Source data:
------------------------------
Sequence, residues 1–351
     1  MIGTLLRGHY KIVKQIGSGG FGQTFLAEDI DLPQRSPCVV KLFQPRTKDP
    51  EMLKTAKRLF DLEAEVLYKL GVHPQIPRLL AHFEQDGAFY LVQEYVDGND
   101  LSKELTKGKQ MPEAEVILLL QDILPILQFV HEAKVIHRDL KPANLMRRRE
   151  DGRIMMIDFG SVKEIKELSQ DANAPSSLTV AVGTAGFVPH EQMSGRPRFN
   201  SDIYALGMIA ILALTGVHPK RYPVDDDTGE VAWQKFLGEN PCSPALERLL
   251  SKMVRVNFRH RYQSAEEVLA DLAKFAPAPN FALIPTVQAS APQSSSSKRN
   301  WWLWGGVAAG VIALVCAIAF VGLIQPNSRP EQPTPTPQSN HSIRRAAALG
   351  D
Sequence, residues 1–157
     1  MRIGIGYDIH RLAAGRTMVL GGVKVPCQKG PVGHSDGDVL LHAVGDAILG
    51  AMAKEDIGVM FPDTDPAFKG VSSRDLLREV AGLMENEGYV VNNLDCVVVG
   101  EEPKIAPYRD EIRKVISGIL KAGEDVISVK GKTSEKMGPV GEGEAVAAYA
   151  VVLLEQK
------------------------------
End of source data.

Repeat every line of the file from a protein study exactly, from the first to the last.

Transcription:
Sequence, residues 1–351
     1  MIGTLLRGHY KIVKQIGSGG FGQTFLAEDI DLPQRSPCVV KLFQPRTKDP
    51  EMLKTAKRLF DLEAEVLYKL GVHPQIPRLL AHFEQDGAFY LVQEYVDGND
   101  LSKELTKGKQ MPEAEVILLL QDILPILQFV HEAKVIHRDL KPANLMRRRE
   151  DGRIMMIDFG SVKEIKELSQ DANAPSSLTV AVGTAGFVPH EQMSGRPRFN
   201  SDIYALGMIA ILALTGVHPK RYPVDDDTGE VAWQKFLGEN PCSPALERLL
   251  SKMVRVNFRH RYQSAEEVLA DLAKFAPAPN FALIPTVQAS APQSSSSKRN
   301  WWLWGGVAAG VIALVCAIAF VGLIQPNSRP EQPTPTPQSN HSIRRAAALG
   351  D
Sequence, residues 1–157
     1  MRIGIGYDIH RLAAGRTMVL GGVKVPCQKG PVGHSDGDVL LHAVGDAILG
    51  AMAKEDIGVM FPDTDPAFKG VSSRDLLREV AGLMENEGYV VNNLDCVVVG
   101  EEPKIAPYRD EIRKVISGIL KAGEDVISVK GKTSEKMGPV GEGEAVAAYA
   151  VVLLEQK